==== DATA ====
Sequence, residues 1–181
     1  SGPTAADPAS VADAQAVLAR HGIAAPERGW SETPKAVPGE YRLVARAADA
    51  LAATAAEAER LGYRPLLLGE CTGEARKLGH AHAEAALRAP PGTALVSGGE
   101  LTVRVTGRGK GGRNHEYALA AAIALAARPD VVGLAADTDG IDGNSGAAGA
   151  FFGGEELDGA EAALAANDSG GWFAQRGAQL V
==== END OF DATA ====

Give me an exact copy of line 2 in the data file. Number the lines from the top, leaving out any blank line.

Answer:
     1  SGPTAADPAS VADAQAVLAR HGIAAPERGW SETPKAVPGE YRLVARAADA